23. Discuss users' roles in prototyping.
    Users should be involved honestly. Without user involvement there is little reason to prototype. The precise behaviors necessary for interacting with a prototype can vary, but it is clear that the user is pivotal to the prototyping process.
  24. What three main ways can a user be of help in prototyping?
    • 1. Experimenting with the prototype
    • 2.Giving open reactions to the prototype|
    • 3. Suggesting additions to or deletions from the prototype
  25. What does COTS stand for?
    Commercial off-the-shelf
  26. What steps are there in aquiring computer hardware and software?
    • 1. Inventorying of computer hardware
    • 2. Estimating workload
    • 3. Evaluating harware/software
    • 4. Choosing the vendor
    • 5.Aquiring the computer equipment
  27. What are the three main options for aquisition of computer hardware ?
    • Buying
    • Advantages: Cheaper in the long run, ability to change the system, full control
    • Disadvantages: Initial cost is high, risk of being stuck, full responsibility

    • Leasing
    • Advantages: No capital is tied up, no financing required, leases are lower than rental payments
    • Disadvantages: Compnay doesnt own system, heavy penalty for terminating lease, more expensive

    • Renting
    • Advantages: No capital tied up, no financing required, easy to change systems, maintenance included
    • Disadvantages: Company doesn't own the computer, cost is high
  28. What criteria ought to be checked when evaluating vendor support?
    • 1. Hardware and software support
    • 2. Installation and training
    • 3. Maintenance
  29. Regardless of wheather you develop software or purchase a COTS product for a particular project, it is imperative to complete a ______________.
    human information requirements analysis of the users and the systems they use first.
  30. What are some advantages & disadvantages to creating a custom software?
    • Advantages
    • - Specific response to specialized business needs
    • -Innovation may give firm a competitive advantage
    • -In house staff available to maintain software
    • -Pride of ownership

    • Disadvantages
    • -May be significantly higher initial cost compared to COTS software or ASP
    • -Necessity of hiring or working with a development team
    • -Ongoing maintenance
  31. What are some advantages & disadvantages to purchasing COTS packages?
    • Advantages
    • - Refined in the commercial world
    • -Increased reliability
    • -Increased functionality
    • -Often lower cost
    • -Already in use by other firms|
    • -Help and training comes with software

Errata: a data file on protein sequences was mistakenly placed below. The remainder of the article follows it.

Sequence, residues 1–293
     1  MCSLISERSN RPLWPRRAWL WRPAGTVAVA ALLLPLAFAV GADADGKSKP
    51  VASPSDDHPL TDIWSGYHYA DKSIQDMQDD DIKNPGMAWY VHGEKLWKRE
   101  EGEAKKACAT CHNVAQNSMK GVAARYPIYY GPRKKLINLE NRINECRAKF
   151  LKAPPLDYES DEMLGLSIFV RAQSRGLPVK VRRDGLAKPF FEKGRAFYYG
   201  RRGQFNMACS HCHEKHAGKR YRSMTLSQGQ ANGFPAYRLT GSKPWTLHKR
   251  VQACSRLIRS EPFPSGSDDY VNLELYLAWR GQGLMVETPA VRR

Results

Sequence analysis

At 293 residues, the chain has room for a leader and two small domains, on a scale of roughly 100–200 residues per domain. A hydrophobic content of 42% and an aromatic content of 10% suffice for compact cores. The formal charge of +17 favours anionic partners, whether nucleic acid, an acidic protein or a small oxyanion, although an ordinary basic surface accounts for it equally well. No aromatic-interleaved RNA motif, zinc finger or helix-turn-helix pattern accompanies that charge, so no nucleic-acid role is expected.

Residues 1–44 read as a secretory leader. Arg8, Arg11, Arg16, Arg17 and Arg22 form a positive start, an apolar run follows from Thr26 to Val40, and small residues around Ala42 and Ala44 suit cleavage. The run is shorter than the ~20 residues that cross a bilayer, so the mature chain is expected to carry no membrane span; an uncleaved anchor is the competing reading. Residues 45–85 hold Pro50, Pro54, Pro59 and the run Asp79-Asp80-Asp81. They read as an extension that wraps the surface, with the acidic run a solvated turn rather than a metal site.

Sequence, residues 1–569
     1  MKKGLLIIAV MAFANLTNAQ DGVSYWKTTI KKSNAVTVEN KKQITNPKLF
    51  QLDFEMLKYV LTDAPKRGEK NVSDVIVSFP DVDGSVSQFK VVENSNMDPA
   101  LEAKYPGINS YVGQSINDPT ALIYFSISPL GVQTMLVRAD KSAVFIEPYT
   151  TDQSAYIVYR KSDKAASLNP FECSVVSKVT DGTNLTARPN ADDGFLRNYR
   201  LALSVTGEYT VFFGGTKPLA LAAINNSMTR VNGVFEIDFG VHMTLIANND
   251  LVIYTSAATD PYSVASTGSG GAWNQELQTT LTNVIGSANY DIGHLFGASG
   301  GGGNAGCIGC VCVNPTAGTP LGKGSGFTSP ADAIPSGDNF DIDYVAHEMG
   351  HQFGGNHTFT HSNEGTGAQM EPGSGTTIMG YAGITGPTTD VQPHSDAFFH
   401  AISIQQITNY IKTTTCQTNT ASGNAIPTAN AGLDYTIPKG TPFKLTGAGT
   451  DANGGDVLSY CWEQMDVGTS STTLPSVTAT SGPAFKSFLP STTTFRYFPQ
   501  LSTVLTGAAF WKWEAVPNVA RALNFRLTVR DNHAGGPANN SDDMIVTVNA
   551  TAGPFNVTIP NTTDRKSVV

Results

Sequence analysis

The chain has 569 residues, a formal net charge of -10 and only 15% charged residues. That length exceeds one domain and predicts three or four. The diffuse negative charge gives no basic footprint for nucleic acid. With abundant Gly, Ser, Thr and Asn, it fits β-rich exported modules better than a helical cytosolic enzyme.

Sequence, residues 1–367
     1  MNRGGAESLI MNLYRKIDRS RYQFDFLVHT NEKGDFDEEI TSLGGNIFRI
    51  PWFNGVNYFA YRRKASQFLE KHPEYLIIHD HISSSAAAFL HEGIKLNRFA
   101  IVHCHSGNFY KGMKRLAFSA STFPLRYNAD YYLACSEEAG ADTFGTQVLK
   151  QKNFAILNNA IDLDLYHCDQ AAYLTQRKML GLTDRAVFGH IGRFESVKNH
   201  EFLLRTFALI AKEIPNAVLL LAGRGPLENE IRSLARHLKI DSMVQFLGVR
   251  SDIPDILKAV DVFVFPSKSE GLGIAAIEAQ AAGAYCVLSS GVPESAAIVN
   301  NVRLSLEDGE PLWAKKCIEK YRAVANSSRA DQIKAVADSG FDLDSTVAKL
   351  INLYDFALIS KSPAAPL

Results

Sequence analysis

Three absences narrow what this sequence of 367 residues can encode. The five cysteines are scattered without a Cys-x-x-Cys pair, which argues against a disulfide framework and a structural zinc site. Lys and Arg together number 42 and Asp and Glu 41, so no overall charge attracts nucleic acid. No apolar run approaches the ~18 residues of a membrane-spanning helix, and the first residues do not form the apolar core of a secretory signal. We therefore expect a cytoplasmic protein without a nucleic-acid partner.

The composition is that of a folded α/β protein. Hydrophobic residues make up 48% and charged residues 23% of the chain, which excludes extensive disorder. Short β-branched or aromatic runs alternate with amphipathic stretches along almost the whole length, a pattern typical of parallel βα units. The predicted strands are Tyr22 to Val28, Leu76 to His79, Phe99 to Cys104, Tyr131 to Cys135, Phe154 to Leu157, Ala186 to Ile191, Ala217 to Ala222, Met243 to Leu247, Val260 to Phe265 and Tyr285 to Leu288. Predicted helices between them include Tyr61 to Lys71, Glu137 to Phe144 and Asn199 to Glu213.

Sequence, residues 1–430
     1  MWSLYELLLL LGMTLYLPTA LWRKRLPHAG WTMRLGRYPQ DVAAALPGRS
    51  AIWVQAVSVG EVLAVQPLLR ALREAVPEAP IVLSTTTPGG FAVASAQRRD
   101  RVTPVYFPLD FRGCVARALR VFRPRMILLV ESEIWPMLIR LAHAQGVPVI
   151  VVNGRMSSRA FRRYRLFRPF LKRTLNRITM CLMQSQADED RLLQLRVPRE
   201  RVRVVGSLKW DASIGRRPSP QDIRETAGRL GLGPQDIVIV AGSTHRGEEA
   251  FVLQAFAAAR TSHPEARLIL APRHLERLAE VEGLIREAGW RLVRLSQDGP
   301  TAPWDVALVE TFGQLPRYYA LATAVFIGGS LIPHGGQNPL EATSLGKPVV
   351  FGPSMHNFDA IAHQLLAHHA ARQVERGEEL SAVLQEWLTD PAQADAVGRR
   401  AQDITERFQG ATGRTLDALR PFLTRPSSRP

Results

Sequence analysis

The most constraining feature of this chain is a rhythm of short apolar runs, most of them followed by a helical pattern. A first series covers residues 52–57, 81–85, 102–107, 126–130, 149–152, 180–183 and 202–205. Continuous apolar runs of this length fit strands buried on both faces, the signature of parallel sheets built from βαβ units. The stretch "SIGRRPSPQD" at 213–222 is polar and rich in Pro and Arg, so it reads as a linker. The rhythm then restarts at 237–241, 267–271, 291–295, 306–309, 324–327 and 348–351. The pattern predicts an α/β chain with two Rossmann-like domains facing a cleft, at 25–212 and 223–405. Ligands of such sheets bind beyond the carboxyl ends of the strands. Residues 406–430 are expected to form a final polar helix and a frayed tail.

• Disadvantages
    • -Programming focused; not business focused
    • -Must live with the existing features
    • -Limited customization
    • -Uncertain financial future of vendor
    • -Less ownership and commitment
  32. What are some advantages & disadvantages to using an Application Service Provider (ASP)?
    • Advantages
    • -Organizations that do not specialize in information systems can focus on what they do best
    • -There is no need to hire, train or retain a large IT staff
    • -There is no expenditure of employee time on nonessential IT tasks
    • Disadvantages
    • -Loss of control of data, systems, IT employees, and schedules
    • -Concern over the financial viability and long - run stability of hte ASP
    • -Security, confidentiality and privacy concerns
    • -Loss of potential strategic corporate advantage regarding innovativeness of applications
  33. When should a custom software be created?
    • -When a COTS software does not exist or is not affordable
    • -When the organization is attempting to gain a competative advantage
  34. When should COTS software be bought?
    • - When the applications can be easily integrated into existing or planned systems
    • -When there is no need for customization
    • - When reliability, help, support and increased functionality is needed
  35. When should software services be outsourced to an application service provider (ASP)?
    • - When sidestepping the need to hire, train and retain a large IT staff is prioritized
    • -
  36. What are data flow diagrams?
    A graphical representation of data processes throughout the organization
  37. What four symbols are used in data flow diagrams?
    • A double square - means "entity". (ie. Student)
    • An arrow - means "data flow". ( ie. New student info --->)
    • A rectangle with rounded corners (-) -Means "process" (ie. create student record)
    • An open ended rectangle [| ____ - data store (ie. Student master)
  38. Data flow diagrams:

    Discuss the double square.
    • - Depicts external entity (another department, business, person, machine) that can send data to or receive data from the system
    • -Is considered to be external to the system
    • -Should be named with a noun
  39. Data flow diagrams:

    Discuss the arrow
    • - The arrow shows movement of data from one point to another, with the head of the arrow pointing toward the data's destination
    • -Parallel arrows depict data flows occuring simultaneously
    • -Arrows represent data about a person, place or thing and should be described with a noun
  40. Data flow diagrams:

    Discuss the rectangle with rounded edges